Well, some things in fiction walk the line of being too fun in the real world or too unpleasant in the real world to enjoy reading about. Like, I don’t like reading about people on extravagant vacations, living their dreams, because they have the money/opportunity, etc, and now this beautiful girl gets to go somewhere beautiful and meet someone beautiful and fall in love, and I’ve just reading in my room on another totally ordinary day. No, I don’t feel bad for you when you’re crying on that beautiful beach because something went ever so slightly wrong. I can’t enjoy you at all when everything is too perfect.
But I also can’t enjoy problems that are too real all the time. Of course everyone gets stressed over work or school, of course everyone has financial trouble now and then, but sometimes seeing characters worry makes me worry. Like, I’ll have a headache and decide to read a book to distract me. If a character also has a headache, it makes mine worse. Silly, I know, but sometimes it happens.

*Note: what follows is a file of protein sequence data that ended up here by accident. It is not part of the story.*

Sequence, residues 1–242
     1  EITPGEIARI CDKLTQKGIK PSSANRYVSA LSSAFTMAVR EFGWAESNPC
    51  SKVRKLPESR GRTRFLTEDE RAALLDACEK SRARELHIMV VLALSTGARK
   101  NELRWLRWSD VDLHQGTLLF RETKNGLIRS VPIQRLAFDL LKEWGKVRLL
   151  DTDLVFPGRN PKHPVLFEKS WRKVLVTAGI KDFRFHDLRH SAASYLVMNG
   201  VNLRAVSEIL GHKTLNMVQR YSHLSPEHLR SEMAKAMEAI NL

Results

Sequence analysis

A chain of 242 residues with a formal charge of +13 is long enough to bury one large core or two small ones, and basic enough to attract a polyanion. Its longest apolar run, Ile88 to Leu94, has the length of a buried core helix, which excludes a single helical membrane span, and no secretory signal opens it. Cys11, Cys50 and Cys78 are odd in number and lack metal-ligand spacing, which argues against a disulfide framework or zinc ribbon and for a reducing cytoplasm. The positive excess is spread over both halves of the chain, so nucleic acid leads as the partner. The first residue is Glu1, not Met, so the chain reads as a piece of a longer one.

So, are these weird personal peeves, or do I have tips in here for you? Maybe think about how these things make you feel as a reader, and write accordingly. It's not always smart to erase these kinds of things entirely. Sometimes those extravagant moments are beautiful, just make sure it's appropriate. How did they gain the means for it? Is it well-deserved? Did you make readers wait for it?
It's no good to delete everyday worries from character's lives altogether, after all, you still want to keep it real. Just make sure those issues don't shadow the story. Maybe a character needs money, and the story is about an extravagant plan to get it. Keep the focus on the plan, not the financial stress. Of course you can bring it up, but remember to assume your reader's intelligence. We’ll remember well enough ourselves. The plan is far more interesting anyway.